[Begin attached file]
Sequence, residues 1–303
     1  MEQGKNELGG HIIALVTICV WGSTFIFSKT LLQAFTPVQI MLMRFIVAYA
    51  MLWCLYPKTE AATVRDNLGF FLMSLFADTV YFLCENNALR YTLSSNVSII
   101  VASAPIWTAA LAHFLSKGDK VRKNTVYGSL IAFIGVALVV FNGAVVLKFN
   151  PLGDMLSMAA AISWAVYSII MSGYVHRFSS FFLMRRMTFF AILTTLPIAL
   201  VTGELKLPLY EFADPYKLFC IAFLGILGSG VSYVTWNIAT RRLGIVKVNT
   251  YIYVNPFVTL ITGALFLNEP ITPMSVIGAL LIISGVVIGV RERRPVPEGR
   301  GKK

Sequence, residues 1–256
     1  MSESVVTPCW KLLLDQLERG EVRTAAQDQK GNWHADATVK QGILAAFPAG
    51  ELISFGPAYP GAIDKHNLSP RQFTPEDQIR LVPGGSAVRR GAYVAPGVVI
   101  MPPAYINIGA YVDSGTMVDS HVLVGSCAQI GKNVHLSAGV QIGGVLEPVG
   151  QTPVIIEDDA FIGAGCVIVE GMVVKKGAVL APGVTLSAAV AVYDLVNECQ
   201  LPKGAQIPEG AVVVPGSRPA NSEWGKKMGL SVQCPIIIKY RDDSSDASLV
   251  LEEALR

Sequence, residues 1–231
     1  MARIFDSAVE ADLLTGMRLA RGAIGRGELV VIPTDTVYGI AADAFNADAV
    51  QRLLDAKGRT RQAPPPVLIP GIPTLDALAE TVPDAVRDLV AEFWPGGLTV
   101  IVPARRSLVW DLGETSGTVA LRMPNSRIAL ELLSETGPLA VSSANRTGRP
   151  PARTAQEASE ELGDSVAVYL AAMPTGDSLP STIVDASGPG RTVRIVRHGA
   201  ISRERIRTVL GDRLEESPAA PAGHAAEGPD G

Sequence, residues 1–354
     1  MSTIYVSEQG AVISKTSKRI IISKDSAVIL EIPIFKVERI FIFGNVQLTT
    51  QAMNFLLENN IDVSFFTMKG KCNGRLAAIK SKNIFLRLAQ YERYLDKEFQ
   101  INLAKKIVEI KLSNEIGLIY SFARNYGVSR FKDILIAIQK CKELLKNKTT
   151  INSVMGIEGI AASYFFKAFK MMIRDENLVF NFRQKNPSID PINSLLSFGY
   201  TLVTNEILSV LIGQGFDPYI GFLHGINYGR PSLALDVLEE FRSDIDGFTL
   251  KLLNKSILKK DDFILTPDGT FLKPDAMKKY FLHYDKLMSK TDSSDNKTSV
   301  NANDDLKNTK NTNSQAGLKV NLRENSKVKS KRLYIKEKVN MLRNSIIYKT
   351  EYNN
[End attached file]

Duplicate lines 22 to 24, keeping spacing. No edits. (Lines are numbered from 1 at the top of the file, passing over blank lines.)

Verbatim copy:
Sequence, residues 1–354
     1  MSTIYVSEQG AVISKTSKRI IISKDSAVIL EIPIFKVERI FIFGNVQLTT
    51  QAMNFLLENN IDVSFFTMKG KCNGRLAAIK SKNIFLRLAQ YERYLDKEFQ